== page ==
Right now I am occupied with outlining a science fiction novel, Tiberius Base. I’ve written some 51 pages, by hand, in a composition book. I’m following the instructions in K. M. Weiland’s Outlining your Novel Workbook, and so far it has been useful in developing characters, particularly the main character, a junior administrator at a starbase-under-construction, Ping Yuan.
I’ve been having an impulse to learn a little Chinese as a result. Chinese is the character Ping Yuan’s native language though he is fluent in interplanetary Trade Languages like Esperanto and Volapuk.
Foreign languages are kind of a Special Interest of mine, and I try to keep them under control— ‘you can’t buy a beginning Italian book until you have finished the beginning Serbian book.’ But I’ve also come to understand that starting a language project is one method I use to relate to fictional characters.
As a kid I was a massive Star Trek TOS fan— before Star Trek needed initials. I particularly liked the junior officers, Sulu, Uhura and Chekov. As a result at various times I tried to learn Japanese, Swahili and Russian. Not a lot of results, but I do know the Swahili word for toilet and learned to identify Japanese writing from Chinese or Korean at an early age. I even know a few words of Russian, including one naughty word.
I have at various times used similar approaches to characters of my own creation. I have also deliberately given characters a certain linguistic background to match a language I was at the time interested in.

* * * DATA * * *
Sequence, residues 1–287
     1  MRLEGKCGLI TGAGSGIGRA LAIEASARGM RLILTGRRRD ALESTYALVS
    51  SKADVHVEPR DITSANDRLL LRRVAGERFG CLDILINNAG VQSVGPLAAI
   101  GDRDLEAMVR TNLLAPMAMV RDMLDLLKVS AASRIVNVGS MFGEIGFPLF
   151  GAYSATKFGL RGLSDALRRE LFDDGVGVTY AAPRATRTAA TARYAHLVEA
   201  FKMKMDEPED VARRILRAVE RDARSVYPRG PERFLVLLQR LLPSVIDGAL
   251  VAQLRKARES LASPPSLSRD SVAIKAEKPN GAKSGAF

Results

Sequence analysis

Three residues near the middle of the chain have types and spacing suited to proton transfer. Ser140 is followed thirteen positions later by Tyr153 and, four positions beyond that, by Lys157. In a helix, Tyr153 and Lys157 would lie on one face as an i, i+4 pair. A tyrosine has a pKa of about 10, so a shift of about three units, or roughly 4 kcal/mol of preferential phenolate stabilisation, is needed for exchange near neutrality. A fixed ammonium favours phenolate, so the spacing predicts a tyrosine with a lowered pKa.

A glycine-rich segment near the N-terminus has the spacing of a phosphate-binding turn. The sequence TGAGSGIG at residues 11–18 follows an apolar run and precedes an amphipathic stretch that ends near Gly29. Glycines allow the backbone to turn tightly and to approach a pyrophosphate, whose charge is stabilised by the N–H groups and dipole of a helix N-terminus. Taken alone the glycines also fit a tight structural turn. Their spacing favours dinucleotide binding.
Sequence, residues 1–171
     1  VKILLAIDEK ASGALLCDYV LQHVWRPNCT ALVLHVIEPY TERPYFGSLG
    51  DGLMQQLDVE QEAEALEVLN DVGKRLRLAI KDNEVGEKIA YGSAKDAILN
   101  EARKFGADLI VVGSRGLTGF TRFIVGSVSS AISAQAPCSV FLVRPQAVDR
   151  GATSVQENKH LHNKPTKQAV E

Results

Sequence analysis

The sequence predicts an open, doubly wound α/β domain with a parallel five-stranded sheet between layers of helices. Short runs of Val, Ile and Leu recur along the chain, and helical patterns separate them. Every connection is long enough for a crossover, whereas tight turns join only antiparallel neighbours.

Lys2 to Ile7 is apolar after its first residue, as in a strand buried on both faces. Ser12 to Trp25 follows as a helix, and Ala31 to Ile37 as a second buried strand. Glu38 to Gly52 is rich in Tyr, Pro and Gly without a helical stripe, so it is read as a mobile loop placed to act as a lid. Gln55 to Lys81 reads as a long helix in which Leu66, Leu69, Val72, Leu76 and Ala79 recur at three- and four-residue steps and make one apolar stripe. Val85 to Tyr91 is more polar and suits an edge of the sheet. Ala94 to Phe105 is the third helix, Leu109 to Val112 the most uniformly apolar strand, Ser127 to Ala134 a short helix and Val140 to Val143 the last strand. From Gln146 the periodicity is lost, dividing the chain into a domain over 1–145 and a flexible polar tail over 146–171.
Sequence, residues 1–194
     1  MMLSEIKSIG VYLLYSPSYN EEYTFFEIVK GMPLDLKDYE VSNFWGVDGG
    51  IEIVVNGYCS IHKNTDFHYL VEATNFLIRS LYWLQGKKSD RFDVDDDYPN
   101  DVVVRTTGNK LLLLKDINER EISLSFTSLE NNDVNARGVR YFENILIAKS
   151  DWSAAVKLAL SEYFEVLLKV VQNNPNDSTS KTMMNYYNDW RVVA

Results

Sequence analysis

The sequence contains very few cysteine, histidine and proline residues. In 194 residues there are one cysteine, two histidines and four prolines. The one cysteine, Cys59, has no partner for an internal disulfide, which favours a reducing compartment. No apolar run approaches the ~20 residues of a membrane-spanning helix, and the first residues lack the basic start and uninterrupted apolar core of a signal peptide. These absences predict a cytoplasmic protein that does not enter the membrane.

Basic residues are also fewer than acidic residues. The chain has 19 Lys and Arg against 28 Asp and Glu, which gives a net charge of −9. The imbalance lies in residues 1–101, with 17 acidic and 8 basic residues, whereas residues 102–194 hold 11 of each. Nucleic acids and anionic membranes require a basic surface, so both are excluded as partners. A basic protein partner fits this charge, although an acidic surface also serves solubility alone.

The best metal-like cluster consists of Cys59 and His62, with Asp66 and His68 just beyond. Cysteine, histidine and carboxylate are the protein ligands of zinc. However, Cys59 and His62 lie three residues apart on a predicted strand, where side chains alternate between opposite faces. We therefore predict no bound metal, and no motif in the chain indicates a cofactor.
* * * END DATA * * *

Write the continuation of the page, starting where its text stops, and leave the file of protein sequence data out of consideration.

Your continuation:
In my current project I’ve done some of that. Esperanto, a language which is a long term interest of mine (I have read books in it), is the Trade Language most used in my setting. I made some characters native speakers of German, which is my own ancestral language and one I studied in college. I can also read in German.
The character Ping Yuan was made Chinese for story-related reasons— he needs to be a communist-style ‘scientific atheist’ because another major character is a Catholic priest. But I think that learning a bit of Chinese does help— I’ve signed up for the Chinese lessons on a free language learning site and ordered the book that goes with the 50Languages free audio lessons.
Question: Do I think language learning in general is a good way for writers to relate to characters? It depends a lot on the writer. And on the character. But the language learning process can help you relate, and you will probably learning bits and pieces of your character’s culture as well. You might give it a try especially if your character’s culture is different from yours. (Or if you are a German-American like me, your character is too, and you’ve never tried learning a little German.)
This is also my Celebrate the Small Things blog hop post. As of this week it still seems like blog hop host Lexa Cain is not feeling well enough to participate, so prayers for her are still in order.
My celebration this week is about the 50 Languages free language learning materials. I discovered this years ago. It is sponsored by the Goethe Institute which used to encourage people to learn German. The 50 languages thing is really quite clever. The lessons are translated into the languages, and the learner picks out two— his own native language and the language he wants to learn— and can download the paired two-language audios. So— I can download some Chinese lessons with an English translation, but some Dutch speaker who wants to take Arabic lessons can get audios for that, too. It’s very helpful and great for homeschooling families who want to teach a language.